19 Pages Posted: 10 Oct 2012 Last revised: 12 Feb 2016
Date Written: Feburary 10, 2016
We consider under what conditions a revenue sharing contract is most effective at improving system efficiency relative to a simple wholesale price contract. Using a behavioral laboratory approach, we investigate how a supplier's individual differences in risk aversion and fairness concerns influence how they set the pricing parameter(s) of a contract. We find that risk-neutral self-interested suppliers were able to improve the system and their own profits significantly under revenue sharing compared to wholesale pricing. However, individual behavioral factors of risk aversion or fairness preferences often made the more complicated revenue sharing contract either ineffective or unnecessary. Specifically, given a fairness-minded supplier, the simple wholesale price contract is comparably efficient to the revenue sharing contract set by a risk-neutral supplier and we find the coordinating contract is unnecessary. Conversely, given a strongly risk-averse supplier with no concerns for fairness a revenue sharing contract is ineffective in overcoming double marginalization.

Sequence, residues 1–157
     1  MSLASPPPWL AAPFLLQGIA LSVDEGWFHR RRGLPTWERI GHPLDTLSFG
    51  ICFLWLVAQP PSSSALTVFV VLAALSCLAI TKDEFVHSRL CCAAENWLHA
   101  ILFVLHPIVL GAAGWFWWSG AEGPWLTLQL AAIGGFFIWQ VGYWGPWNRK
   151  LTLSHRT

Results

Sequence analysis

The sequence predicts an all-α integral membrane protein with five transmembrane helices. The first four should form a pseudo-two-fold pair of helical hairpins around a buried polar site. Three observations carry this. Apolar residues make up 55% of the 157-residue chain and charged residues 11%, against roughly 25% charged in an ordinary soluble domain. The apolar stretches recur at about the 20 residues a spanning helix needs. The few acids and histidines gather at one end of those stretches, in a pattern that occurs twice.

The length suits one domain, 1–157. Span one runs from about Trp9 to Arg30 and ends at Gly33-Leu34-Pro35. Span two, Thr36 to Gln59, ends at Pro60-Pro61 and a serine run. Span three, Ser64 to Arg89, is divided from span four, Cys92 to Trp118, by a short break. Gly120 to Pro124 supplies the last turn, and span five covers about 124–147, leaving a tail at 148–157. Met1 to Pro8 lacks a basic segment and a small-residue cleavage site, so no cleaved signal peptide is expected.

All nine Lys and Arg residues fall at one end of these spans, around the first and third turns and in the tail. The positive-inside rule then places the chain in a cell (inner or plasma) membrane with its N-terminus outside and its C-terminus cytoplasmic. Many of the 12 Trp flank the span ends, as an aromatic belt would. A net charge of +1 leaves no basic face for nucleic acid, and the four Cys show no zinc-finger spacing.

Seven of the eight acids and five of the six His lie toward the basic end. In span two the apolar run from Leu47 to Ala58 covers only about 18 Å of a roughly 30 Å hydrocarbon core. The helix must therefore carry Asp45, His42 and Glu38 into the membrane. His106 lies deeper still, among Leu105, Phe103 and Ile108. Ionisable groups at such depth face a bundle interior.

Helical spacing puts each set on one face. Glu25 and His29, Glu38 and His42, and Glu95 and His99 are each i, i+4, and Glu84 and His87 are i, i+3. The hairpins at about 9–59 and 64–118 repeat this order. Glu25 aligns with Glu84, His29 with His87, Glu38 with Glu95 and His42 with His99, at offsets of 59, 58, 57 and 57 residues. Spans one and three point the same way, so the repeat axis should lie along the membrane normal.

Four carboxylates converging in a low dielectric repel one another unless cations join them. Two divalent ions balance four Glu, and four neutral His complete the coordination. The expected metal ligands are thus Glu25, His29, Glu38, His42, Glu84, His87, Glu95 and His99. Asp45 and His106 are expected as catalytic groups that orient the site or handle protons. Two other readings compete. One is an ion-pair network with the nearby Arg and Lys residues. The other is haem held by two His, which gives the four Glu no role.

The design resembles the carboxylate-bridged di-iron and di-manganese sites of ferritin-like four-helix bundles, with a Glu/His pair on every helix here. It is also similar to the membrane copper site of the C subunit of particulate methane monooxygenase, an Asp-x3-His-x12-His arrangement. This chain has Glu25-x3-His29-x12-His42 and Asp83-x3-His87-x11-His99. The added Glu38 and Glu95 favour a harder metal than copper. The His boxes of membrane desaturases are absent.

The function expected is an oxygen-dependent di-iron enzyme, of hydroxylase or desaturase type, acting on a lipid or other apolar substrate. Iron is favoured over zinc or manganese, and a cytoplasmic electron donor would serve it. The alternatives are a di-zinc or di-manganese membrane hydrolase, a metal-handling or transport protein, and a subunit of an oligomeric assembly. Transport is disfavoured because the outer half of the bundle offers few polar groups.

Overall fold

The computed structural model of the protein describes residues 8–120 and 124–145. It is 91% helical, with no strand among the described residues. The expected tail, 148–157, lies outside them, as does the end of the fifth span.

Keywords: supply chain coordination, behavioral operations, behavior, wholesale, revenue sharing, experimental
Suggested Citation: Suggested Citation
Niederhoff, Julie and Kouvelis, Panos, Effective and Necessary: Individual Supplier Behavior in Revenue Sharing and Wholesale Contracts (Feburary 10, 2016). Available at SSRN: https://ssrn.com/abstract=2159893 or http://dx.doi.org/10.2139/ssrn.2159893